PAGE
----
Language other than English ("e")
Two units (equivalent to two years or through the second level of high school instruction) of the same language other than English, three units recommended, including:
- Emphasis on speaking and understanding
- Instruction on grammar and vocabulary
- Practice with reading and composition
In any language studied, the minimum performance objectives after two years of high school study should be the following:
- The ability to sustain a brief conversation on simple everyday topics demonstrating good use of the whole sound system (good pronunciation), and the basic structural patterns in the present, past and future tenses, the subjunctive, and commands.
- Summarize orally and in writing the main points of a relatively simple reading passage not involving specialized vocabulary.
Emphasis should not be on the ability to describe grammatical features of the language.
Samples of courses approved in the “e” subject area are available for reference as you prepare your own course for UC approval.
Other options for satisfying the “e” subject requirement
UC-transferable college courses or satisfactory scores on SAT Subject, AP or IB exams can also be used to fulfill the language other than English (LOTE) subject requirement.
Proficiency in a language other than English
Generally, bilingual students are considered to have met the “e” subject requirement and may choose not to enroll in language other than English courses. Students who elect not to take courses in a language other than English may satisfy the “e” requirement by one of the following methods:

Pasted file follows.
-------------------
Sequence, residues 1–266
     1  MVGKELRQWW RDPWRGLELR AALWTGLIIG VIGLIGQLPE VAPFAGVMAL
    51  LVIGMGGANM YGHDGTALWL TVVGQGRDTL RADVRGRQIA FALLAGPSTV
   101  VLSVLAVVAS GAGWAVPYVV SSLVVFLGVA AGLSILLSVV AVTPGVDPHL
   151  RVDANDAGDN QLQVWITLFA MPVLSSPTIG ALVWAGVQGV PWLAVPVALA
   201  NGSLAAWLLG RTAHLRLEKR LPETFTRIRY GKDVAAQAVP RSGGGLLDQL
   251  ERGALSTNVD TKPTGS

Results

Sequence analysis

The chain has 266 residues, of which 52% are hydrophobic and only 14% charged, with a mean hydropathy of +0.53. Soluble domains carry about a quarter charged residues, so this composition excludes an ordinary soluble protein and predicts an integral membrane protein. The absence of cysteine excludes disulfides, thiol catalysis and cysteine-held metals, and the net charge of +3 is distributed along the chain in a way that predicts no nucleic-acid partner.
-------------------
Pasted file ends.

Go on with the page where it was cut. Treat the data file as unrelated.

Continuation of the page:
- Formal schooling in a language other than English – Students who have completed two years of formal schooling at the sixth-grade level or higher in a school where a language other than English was used as the medium of instruction have met the LOTE requirement. A school transcript or other official document is required.
- Assessment by a recognized test or University – Earning a satisfactory score on a SAT Subject, AP or IB exam, or a proficiency test administered by a UC campus or other university can demonstrate a student’s proficiency in a language other than English. Most language departments at universities will conduct an assessment and issue a statement of competency on official letterhead serving as certification.
- Certification by high school principal – In cases where the options above are not available, certification by the high school principal is acceptable. Principals should develop and maintain clear standards for providing this certification. Certification should be based on the judgment of language teachers, advice of professional or cultural organizations with an interest in maintaining language proficiency, or other appropriate sources of expertise. The principal notes the certification of competency on the student’s transcript with the language and level of proficiency.